OBIT: GEORGE FERNANDES
When I first met George Fernandes in 1984 in Bengaluru, he was already a national hero. In the previous decade, he had built his reputation first as a fearless trade union leader who could bring the country’s railways to a halt. Then, as a fiery opponent of the Emergency even willing to resort to violence to challenge the establishment. And, finally, as the champion of socialism by booting out Coca Cola and IBM when he was industries minister in the short-lived Janata government.
George was always where the action was. Except that in his home state Karnataka, while he was revered, he was never regarded as a true local. He grew up in coastal Mangalore (adjacent to my home district Kodagu). He initially wanted to be a priest and even entered a seminary, but gave it up soon after, disillusioned by its practices. Thereafter, he left for Mumbai, where he earned his spurs as a union leader and then catapulted himself into the national reckoning.
He was contesting an election in his home state for the first time—from the Bangalore North constituency—when I covered his campaign as an india today correspondent. He was up against great odds as the election was being held soon after the assassination of Indira Gandhi and the sympathy wave for the Congress headed by Rajiv Gandhi was evident. But George, ever the fighter, remained undaunted. I recall him criticising Rajiv for building swimming pools for the Asiad games while the rest of the country, including Bangalore, faced a water shortage. He lost the election and though he became a member of the Lok Sabha nine times, it was never from Karnataka. That didn’t bother George—he was never parochial and fought and won most of his electoral battles from Bihar.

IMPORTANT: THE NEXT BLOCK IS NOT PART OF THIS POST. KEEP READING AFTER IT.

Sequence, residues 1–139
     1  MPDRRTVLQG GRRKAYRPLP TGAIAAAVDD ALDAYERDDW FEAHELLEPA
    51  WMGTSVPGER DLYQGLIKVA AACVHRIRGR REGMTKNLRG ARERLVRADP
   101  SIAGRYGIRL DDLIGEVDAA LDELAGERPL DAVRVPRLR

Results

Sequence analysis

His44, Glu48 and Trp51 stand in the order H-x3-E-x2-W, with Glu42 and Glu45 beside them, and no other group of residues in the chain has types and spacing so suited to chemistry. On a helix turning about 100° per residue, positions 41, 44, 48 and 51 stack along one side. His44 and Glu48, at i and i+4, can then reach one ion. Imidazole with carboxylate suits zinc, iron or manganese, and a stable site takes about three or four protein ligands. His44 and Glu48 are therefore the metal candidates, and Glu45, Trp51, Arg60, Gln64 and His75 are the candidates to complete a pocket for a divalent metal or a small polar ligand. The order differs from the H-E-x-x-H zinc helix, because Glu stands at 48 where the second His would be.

Five years later, I met him when he had become the Union minister for railways in the V.P. Singh government. He was his feisty self, his wavy hair askew, as he spoke passionately of the need to reform the railways. Though credited for having sanctioned the Konkan Railway network that connected Mumbai to Goa and Mangalore, he didn’t get much of a chance to make a mark because the V.P. Singh government collapsed soon after. George then set about building the Samata Party with compatriots Sharad Yadav and Nitish Kumar after breaking away from the Janata Dal.
It was when he was defence minister during the Atal Bihari Vajpayee government between 1998 and 2004 that he truly came into his own. Always at the centre of a storm, George also exhibited a puzzling duality that was a hallmark of his chequered career. Having opposed the 1974 nuclear explosion ordered by Indira Gandhi, famously saying that “without the necessary economic infrastructure, all talk of a bomb can just be so much bombast”, he endorsed the 1998 tests Vajpayee conducted. “When I found that other nuclear weapon countries were unwilling to give up their own capability, I decided we must have them,” he told me at that time. George didn’t do himself proud either when he failed to condemn the brutal killing of Christian missionary Graham Stuart Staines in Orissa in 1999.
Controversy remained George’s constant companion throughout his life. Soon after the nuclear tests, he was involved in an unseemly battle with then naval chief Admiral Vishnu Bhagwat and had him sacked for insubordination. Vajpayee’s coalition government sank after its alliance partner, the AIADMK, pulled out in protest over the sacking. The 1999 Kargil War saw Vajpayee return to power in the next general election and George was back as defence minister. But, in 2001, he had to resign when allegations of corruption implicated the defence ministry and Parliament came to a standstill. George stepped down and when I asked him how he saw the future, he said, “I have always fought against injustice in all forms and will continue to do so.” Within months, Vajpayee reinstated him as defence minister. After 2004, he found himself out of government but continued to champion causes of all kinds till first illness and then death took him gently into the night. It would extinguish an extraordinary personality but not his contribution as a fiery and irrepressible socialist leader who left a permanent stamp on Indian polity.
GEORGE FERNANDES 1930-2019